Footprints does a great job starting people out on ear training. I have some small bits to add. What has been talked about so far is melodic interval training. In other words, it's about hearing one note followed by another. This is definately step one. Octaves, fifths, fourths, etc... as stated above, are the way to start melodically. The next step is to move on harmonically.

This is really the key to start unlocking chords. When you hear a chord you should be able to pick out a note inside it and sing it loud and strong. Once you've got the melodic interval figured out, you should be playing them harmonically and singing the lower note, followed by the upper note of the interval. Sometimes this isn't as easy as you'd think. It's not too hard to screw up a harmonic fifth by singing a fourth melodic interval instead (i.e. instead of singing C-G, you sing G-C), or vice versa. After that you've got to start looking at triads and trying to sing the third, or some other piece of it. And, of course you keep getting more and more complex chords hitting various parts of them and singing them quickly, and perfectly.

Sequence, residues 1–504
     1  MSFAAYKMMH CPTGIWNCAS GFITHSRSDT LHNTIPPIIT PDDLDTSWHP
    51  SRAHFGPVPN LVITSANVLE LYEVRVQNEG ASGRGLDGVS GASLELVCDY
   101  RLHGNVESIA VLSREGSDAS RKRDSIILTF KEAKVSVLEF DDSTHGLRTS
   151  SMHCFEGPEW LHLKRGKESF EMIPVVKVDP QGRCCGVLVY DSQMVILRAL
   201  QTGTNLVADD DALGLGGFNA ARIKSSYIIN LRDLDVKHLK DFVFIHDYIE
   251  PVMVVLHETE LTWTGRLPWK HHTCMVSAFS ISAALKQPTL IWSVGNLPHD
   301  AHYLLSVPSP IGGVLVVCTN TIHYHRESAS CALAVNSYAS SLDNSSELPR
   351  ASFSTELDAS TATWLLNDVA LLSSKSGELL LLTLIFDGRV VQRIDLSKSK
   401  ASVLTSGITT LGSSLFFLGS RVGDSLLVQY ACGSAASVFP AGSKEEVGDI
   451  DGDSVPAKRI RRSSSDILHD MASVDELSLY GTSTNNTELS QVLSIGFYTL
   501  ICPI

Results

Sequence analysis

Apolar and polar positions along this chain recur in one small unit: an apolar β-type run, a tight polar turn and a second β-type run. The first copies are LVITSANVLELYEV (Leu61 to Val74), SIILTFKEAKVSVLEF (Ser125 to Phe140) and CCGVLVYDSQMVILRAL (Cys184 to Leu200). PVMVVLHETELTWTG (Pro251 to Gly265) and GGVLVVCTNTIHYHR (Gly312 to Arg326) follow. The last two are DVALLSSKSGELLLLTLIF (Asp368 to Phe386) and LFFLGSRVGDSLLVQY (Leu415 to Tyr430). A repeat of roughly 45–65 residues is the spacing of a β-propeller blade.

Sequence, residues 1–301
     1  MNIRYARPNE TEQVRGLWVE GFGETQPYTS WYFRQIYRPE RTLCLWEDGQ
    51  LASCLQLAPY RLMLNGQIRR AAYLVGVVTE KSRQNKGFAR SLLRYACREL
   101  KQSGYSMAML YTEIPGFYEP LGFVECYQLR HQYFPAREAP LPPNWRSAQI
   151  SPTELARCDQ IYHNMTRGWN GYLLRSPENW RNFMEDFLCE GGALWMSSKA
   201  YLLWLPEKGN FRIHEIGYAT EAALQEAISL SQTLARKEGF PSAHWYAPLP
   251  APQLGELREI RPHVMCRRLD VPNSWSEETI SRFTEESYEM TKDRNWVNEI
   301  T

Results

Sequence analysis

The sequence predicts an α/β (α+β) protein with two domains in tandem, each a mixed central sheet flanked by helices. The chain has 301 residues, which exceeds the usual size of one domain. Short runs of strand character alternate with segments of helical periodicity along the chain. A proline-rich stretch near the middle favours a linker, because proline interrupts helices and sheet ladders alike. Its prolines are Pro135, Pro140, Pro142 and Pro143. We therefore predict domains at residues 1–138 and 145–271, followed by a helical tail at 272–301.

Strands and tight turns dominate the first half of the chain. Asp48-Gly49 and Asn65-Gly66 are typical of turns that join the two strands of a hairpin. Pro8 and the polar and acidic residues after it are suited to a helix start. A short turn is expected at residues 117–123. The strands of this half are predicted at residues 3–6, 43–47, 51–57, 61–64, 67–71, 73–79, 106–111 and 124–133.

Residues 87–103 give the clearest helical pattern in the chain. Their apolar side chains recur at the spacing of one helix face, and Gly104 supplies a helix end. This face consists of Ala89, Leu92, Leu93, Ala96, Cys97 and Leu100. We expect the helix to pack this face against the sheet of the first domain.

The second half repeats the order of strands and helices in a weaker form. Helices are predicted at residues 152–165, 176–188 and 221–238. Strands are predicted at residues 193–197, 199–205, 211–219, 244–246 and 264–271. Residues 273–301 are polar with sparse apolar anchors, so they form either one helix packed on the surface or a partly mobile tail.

The real master of ear training is David Lucas Burge. He sells a perfect pitch and relative pitch training course. It's quite expensive but it's really good! Take a search for him on the web if you need to find him. is a good place to get some more information on him and what can be accomplished with a good ear.